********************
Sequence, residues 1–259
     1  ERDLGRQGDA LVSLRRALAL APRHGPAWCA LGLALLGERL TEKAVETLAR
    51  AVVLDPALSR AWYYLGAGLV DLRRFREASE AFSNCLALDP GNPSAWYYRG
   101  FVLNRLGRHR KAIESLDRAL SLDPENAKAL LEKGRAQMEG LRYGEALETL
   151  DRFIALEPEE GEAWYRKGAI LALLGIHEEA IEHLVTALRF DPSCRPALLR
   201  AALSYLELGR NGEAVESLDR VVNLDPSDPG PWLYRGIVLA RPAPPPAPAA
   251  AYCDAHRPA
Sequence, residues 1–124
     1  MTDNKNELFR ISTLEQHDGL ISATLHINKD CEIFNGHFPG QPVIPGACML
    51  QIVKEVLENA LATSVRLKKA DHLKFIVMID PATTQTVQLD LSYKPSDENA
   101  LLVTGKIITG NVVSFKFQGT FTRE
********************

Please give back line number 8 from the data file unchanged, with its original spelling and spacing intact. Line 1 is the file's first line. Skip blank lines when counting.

Sequence, residues 1–124